# Configuration to deploy release version of the Dashboard UI compatible with # Kubernetes 1.8. # # Example usage: kubectl create -f # ------------------- Dashboard Secret ------------------- # apiVersion: v1 kind: Secret metadata: labels: k8s-app: kubernetes-dashboard name: kubernetes-dashboard-certs namespace: kube-system type: Opaque --- # ------------------- Dashboard Service Account ------------------- # apiVersion: v1 kind: ServiceAccount metadata: labels: k8s-app: kubernetes-dashboard name: kubernetes-dashboard namespace: kube-system --- # ------------------- Dashboard Role & Role Binding ------------------- # kind: Role apiVersion: rbac.authorization.k8s.io/v1 metadata: name: kubernetes-dashboard-minimal namespace: kube-system rules: # Allow Dashboard to create 'kubernetes-dashboard-key-holder' secret. - apiGroups: [""] resources: ["secrets"] verbs: ["create"] # Allow Dashboard to create 'kubernetes-dashboard-settings' config map. - apiGroups: [""] resources: ["configmaps"] verbs: ["create"] # Allow Dashboard to get, update and delete Dashboard exclusive secrets. - apiGroups: [""] resources: ["secrets"] resourceNames: ["kubernetes-dashboard-key-holder", "kubernetes-dashboard-certs"] verbs: ["get", "update", "delete"] # Allow Dashboard to get and update 'kubernetes-dashboard-settings' config map. - apiGroups: [""] resources: ["configmaps"] resourceNames: ["kubernetes-dashboard-settings"] verbs: ["get", "update"] # Allow Dashboard to get metrics from heapster. - apiGroups: [""] resources: ["services"] resourceNames: ["heapster"] verbs: ["proxy"] - apiGroups: [""] resources: ["services/proxy"] resourceNames: ["heapster", "http:heapster:", "https:heapster:"] verbs: ["get"] --- apiVersion: rbac.authorization.k8s.io/v1 kind: RoleBinding metadata: name: kubernetes-dashboard-minimal namespace: kube-system roleRef: apiGroup: rbac.authorization.k8s.io kind: Role name: kubernetes-dashboard-minimal subjects: - kind: ServiceAccount name: kubernetes-dashboard namespace: kube-system --- # ------------------- Dashboard Deployment ------------------- # kind: Deployment apiVersion: apps/v1beta2 metadata: labels: k8s-app: kubernetes-dashboard name: kubernetes-dashboard namespace: kube-system spec: replicas: 1 revisionHistoryLimit: 10 selector: matchLabels: k8s-app: kubernetes-dashboard template: metadata: labels: k8s-app: kubernetes-dashboard spec: containers: - name: kubernetes-dashboard image: k8s.gcr.io/kubernetes-dashboard-amd64:v1.8.3 ports: - containerPort: 8443 protocol: TCP args: - --auto-generate-certificates # Uncomment the following line to manually specify Kubernetes API server Host # If not specified, Dashboard will attempt to auto discover the API server and connect # to it. Uncomment only if the default does not work. # - --apiserver-host=http://my-address:port volumeMounts: - name: kubernetes-dashboard-certs mountPath: /certs # Create on-disk volume to store exec logs - mountPath: /tmp name: tmp-volume livenessProbe: httpGet: scheme: HTTPS path: / port: 8443 initialDelaySeconds: 30 timeoutSeconds: 30 volumes: - name: kubernetes-dashboard-certs secret: secretName: kubernetes-dashboard-certs - name: tmp-volume emptyDir: {} serviceAccountName: kubernetes-dashboard # Comment the following tolerations if Dashboard must not be deployed on master tolerations: - key: node-role.kubernetes.io/master effect: NoSchedule --- # ------------------- Dashboard Service ------------------- # kind: Service apiVersion: v1 metadata: labels: k8s-app: kubernetes-dashboard name: kubernetes-dashboard namespace: kube-system spec: ports: - port: 443 targetPort: 8443 selector: k8s-app: kubernetes-dashboard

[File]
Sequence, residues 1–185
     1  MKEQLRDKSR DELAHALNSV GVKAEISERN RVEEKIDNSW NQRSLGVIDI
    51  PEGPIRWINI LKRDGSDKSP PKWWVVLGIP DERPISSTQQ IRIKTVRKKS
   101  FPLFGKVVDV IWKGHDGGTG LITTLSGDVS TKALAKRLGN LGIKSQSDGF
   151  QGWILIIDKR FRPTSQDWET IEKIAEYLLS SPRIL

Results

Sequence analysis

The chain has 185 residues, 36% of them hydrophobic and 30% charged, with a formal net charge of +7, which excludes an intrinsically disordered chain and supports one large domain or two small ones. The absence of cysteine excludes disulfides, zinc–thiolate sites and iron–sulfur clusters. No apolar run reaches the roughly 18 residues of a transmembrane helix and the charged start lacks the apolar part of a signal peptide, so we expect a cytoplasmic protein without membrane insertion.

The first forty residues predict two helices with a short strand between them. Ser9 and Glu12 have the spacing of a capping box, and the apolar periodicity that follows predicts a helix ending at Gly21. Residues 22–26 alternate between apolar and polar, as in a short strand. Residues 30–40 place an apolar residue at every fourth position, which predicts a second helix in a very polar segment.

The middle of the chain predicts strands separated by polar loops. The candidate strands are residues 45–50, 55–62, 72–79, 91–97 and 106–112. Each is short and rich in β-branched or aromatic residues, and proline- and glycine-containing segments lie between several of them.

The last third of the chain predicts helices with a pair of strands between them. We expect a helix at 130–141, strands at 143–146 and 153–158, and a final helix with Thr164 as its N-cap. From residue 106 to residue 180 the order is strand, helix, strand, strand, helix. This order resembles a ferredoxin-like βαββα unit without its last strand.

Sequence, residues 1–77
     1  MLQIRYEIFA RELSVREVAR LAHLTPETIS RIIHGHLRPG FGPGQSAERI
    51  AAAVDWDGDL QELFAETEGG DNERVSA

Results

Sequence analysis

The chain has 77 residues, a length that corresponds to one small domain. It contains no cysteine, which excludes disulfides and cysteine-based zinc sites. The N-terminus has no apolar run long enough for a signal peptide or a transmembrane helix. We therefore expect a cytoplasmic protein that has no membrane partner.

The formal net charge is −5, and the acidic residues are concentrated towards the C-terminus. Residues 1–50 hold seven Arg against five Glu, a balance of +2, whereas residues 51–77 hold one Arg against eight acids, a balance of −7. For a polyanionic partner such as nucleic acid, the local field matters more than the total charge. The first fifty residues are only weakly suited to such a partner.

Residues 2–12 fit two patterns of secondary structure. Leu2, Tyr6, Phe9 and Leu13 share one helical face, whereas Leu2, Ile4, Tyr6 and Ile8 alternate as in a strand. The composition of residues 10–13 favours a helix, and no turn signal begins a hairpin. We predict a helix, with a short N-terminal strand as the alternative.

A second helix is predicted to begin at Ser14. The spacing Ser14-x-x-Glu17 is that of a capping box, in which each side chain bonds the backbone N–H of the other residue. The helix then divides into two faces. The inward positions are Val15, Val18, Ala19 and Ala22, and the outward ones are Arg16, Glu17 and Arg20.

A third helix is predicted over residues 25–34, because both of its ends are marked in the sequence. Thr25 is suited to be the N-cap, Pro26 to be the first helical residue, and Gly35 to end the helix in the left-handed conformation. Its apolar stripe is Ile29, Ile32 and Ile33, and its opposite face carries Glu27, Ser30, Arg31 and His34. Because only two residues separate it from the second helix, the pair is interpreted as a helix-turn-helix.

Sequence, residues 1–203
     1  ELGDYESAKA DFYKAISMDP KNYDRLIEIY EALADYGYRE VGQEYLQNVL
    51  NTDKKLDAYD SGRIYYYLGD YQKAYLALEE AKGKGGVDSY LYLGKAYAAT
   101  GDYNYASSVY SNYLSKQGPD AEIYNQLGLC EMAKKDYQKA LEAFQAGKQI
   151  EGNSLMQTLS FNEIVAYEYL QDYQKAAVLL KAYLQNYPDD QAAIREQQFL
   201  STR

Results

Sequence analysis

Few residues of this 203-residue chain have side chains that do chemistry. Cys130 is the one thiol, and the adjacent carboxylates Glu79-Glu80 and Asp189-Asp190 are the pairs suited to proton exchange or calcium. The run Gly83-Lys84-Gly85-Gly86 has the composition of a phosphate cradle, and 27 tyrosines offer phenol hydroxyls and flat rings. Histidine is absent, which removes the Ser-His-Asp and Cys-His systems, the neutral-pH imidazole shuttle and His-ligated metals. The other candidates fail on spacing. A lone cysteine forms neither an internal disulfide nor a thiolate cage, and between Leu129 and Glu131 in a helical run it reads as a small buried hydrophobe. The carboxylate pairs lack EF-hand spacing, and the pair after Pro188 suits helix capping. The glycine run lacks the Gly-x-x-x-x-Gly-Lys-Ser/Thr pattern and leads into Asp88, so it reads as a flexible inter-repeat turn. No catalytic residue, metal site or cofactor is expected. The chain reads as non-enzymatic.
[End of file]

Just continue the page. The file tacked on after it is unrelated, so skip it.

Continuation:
2- Deploy the dashboard.